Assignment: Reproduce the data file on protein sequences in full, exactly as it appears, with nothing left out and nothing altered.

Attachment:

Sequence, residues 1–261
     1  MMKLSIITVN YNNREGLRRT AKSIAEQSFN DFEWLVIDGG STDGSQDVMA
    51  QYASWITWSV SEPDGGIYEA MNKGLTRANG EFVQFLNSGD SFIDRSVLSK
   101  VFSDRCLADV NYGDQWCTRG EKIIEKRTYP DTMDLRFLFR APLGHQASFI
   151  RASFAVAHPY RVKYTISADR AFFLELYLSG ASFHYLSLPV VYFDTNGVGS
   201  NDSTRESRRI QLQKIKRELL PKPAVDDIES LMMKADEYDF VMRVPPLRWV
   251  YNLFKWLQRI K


Sequence, residues 1–261
     1  MMKLSIITVN YNNREGLRRT AKSIAEQSFN DFEWLVIDGG STDGSQDVMA
    51  QYASWITWSV SEPDGGIYEA MNKGLTRANG EFVQFLNSGD SFIDRSVLSK
   101  VFSDRCLADV NYGDQWCTRG EKIIEKRTYP DTMDLRFLFR APLGHQASFI
   151  RASFAVAHPY RVKYTISADR AFFLELYLSG ASFHYLSLPV VYFDTNGVGS
   201  NDSTRESRRI QLQKIKRELL PKPAVDDIES LMMKADEYDF VMRVPPLRWV
   251  YNLFKWLQRI K